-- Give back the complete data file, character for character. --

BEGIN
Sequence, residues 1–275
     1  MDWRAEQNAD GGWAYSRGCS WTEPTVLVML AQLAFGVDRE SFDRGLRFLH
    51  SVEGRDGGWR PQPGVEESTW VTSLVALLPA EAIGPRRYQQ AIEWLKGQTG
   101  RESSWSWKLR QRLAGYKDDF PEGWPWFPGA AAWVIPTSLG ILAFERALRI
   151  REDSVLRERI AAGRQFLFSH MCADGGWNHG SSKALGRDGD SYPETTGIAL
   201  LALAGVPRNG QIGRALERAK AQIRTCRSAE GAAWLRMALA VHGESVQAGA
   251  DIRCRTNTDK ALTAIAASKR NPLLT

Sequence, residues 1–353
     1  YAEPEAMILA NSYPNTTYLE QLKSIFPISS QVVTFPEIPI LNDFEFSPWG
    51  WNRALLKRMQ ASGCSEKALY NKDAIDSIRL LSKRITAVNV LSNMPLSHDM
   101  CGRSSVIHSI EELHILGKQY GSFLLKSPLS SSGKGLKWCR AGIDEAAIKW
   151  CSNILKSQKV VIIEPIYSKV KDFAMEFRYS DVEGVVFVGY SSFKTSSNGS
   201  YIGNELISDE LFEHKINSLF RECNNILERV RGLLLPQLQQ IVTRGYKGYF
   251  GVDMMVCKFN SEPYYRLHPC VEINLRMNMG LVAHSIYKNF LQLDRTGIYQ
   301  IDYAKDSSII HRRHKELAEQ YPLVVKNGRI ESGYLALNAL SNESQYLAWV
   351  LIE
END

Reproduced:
Sequence, residues 1–275
     1  MDWRAEQNAD GGWAYSRGCS WTEPTVLVML AQLAFGVDRE SFDRGLRFLH
    51  SVEGRDGGWR PQPGVEESTW VTSLVALLPA EAIGPRRYQQ AIEWLKGQTG
   101  RESSWSWKLR QRLAGYKDDF PEGWPWFPGA AAWVIPTSLG ILAFERALRI
   151  REDSVLRERI AAGRQFLFSH MCADGGWNHG SSKALGRDGD SYPETTGIAL
   201  LALAGVPRNG QIGRALERAK AQIRTCRSAE GAAWLRMALA VHGESVQAGA
   251  DIRCRTNTDK ALTAIAASKR NPLLT

Sequence, residues 1–353
     1  YAEPEAMILA NSYPNTTYLE QLKSIFPISS QVVTFPEIPI LNDFEFSPWG
    51  WNRALLKRMQ ASGCSEKALY NKDAIDSIRL LSKRITAVNV LSNMPLSHDM
   101  CGRSSVIHSI EELHILGKQY GSFLLKSPLS SSGKGLKWCR AGIDEAAIKW
   151  CSNILKSQKV VIIEPIYSKV KDFAMEFRYS DVEGVVFVGY SSFKTSSNGS
   201  YIGNELISDE LFEHKINSLF RECNNILERV RGLLLPQLQQ IVTRGYKGYF
   251  GVDMMVCKFN SEPYYRLHPC VEINLRMNMG LVAHSIYKNF LQLDRTGIYQ
   301  IDYAKDSSII HRRHKELAEQ YPLVVKNGRI ESGYLALNAL SNESQYLAWV
   351  LIE